Awarded at HP-Catalyst Summit in Beijing

May 16, 2012
Amritapuri Campus

Rural India lacks sufficient teachers and lab equipment to educate the lakhs of students enrolled in its schools.

Now Amrita University’s Center for Research in Advanced Technologies in Education will help teach language, science, technology, engineering and math subjects through virtual lessons and experiments as well as interactive animations and simulations, the students can access online free of charge.

At the Hewlett Packard (HP) Catalyst Summit in Beijing last month, the Center received a grant of $ 100,000 to support its next steps toward scale-up and to go deeper with innovations in this initiative.

More than seventy candidates had applied for the funding; only five were awarded. In addition to the Amrita Center, a recipient from Kenya and three from the United States were selected.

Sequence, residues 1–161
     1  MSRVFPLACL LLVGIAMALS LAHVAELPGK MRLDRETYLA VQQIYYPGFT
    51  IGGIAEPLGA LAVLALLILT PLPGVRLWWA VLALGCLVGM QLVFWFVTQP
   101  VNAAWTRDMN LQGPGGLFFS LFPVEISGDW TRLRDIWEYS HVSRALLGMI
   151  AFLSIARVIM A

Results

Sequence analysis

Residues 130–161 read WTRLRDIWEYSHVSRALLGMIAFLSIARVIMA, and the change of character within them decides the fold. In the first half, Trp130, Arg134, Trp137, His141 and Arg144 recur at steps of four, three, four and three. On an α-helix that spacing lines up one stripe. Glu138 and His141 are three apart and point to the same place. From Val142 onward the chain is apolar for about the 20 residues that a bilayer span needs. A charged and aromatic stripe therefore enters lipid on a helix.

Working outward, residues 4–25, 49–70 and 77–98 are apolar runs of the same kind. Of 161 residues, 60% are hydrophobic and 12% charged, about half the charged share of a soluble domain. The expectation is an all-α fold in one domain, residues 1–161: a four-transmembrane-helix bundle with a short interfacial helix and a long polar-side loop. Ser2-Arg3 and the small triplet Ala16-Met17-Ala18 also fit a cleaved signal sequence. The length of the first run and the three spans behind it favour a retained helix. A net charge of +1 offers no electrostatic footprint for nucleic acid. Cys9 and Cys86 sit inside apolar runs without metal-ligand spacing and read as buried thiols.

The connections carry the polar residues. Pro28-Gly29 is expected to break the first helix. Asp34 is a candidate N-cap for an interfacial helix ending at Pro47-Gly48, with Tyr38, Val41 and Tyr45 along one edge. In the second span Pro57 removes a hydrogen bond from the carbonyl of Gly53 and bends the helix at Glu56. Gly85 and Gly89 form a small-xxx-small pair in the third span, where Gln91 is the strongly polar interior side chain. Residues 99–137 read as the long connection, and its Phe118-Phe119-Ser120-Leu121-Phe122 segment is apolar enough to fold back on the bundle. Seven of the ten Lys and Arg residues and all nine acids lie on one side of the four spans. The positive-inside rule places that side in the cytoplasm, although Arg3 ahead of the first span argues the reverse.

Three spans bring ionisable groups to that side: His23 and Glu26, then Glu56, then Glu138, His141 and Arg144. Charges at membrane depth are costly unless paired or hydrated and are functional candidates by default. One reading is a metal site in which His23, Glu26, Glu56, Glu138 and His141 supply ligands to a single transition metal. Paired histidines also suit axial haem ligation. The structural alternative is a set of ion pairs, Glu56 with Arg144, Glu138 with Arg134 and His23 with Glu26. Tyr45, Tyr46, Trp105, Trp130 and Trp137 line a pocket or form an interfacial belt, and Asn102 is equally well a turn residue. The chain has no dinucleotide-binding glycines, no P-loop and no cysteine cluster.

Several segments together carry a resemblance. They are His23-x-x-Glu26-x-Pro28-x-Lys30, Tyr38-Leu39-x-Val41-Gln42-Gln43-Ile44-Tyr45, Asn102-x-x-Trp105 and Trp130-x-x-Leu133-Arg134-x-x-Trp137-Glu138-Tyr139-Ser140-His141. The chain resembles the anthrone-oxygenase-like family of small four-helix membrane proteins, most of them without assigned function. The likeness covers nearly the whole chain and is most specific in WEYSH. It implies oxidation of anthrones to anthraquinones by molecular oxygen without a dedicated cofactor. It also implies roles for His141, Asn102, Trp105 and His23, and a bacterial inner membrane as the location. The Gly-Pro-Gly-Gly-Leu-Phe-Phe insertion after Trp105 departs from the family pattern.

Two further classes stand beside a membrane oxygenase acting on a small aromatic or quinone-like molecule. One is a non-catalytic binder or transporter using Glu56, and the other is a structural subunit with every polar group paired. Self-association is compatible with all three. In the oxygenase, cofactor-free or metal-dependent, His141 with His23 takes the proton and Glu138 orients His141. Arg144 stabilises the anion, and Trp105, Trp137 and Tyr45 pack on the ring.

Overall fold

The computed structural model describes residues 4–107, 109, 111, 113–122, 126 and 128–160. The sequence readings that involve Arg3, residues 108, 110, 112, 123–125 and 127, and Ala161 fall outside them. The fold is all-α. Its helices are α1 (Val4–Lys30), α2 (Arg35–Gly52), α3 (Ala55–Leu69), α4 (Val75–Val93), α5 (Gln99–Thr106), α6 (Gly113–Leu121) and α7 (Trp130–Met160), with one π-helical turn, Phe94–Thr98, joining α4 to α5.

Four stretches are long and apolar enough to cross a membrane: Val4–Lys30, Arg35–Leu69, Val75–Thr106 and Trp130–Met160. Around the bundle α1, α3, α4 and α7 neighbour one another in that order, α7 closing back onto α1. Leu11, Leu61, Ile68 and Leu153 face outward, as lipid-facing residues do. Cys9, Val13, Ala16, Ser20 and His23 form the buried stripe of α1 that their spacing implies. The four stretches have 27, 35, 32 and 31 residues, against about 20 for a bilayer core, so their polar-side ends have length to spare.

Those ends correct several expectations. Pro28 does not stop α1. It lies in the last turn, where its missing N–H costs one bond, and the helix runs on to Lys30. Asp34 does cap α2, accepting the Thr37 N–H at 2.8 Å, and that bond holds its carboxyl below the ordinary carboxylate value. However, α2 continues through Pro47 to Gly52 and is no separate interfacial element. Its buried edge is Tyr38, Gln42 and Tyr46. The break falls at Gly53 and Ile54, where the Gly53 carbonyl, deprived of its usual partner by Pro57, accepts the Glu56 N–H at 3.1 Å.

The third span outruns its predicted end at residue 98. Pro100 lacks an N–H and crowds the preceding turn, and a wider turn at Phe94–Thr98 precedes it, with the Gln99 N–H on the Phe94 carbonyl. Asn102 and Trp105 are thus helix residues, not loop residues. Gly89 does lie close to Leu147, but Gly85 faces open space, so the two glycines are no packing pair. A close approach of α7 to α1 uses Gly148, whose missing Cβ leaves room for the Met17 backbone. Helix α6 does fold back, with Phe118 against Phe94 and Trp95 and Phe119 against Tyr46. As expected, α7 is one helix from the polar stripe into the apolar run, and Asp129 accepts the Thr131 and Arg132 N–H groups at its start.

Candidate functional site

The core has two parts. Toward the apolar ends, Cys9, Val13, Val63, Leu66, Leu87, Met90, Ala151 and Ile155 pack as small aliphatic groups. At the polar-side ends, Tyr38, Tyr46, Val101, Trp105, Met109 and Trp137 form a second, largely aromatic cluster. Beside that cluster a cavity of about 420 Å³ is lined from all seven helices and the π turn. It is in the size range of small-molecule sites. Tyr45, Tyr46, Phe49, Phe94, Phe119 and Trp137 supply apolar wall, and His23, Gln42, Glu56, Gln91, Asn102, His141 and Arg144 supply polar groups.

Jim Vanides, HP’s Education Program Manager for Sustainability and Social Interventions, extended his congratulations.

“The HP Catalyst Leadership Fund was established to provide additional support to progressive Catalyst projects that have compelling, emergent evidence of learning and teaching outcomes, international collaboration and the potential to scale,” he said, elaborating on the choice of awardees.

The People’s Choice award, given based on the number of popular votes, was also won by Amrita. Five winners, including Amrita, and four others from USA, China and South America were showcased at the Summit.

Amrita is a member of the HP Catalyst’s Measuring Learning Consortium. Profs. Prema Nedungadi and Raghu Raman explained the goals of the Consortium.

“We are developing methods to assess STEM (Science, Technology, Engineering and Math) skills including innovation, creative and higher-order thinking, global collaboration and the ability to tackle big, open-ended challenges; these are often not evaluated in schools.”

“We want to foster dialogue and debate, challenging assumptions about what’s needed and what’s possible, to better prepare students to compete in this information economy.”


Share this Story: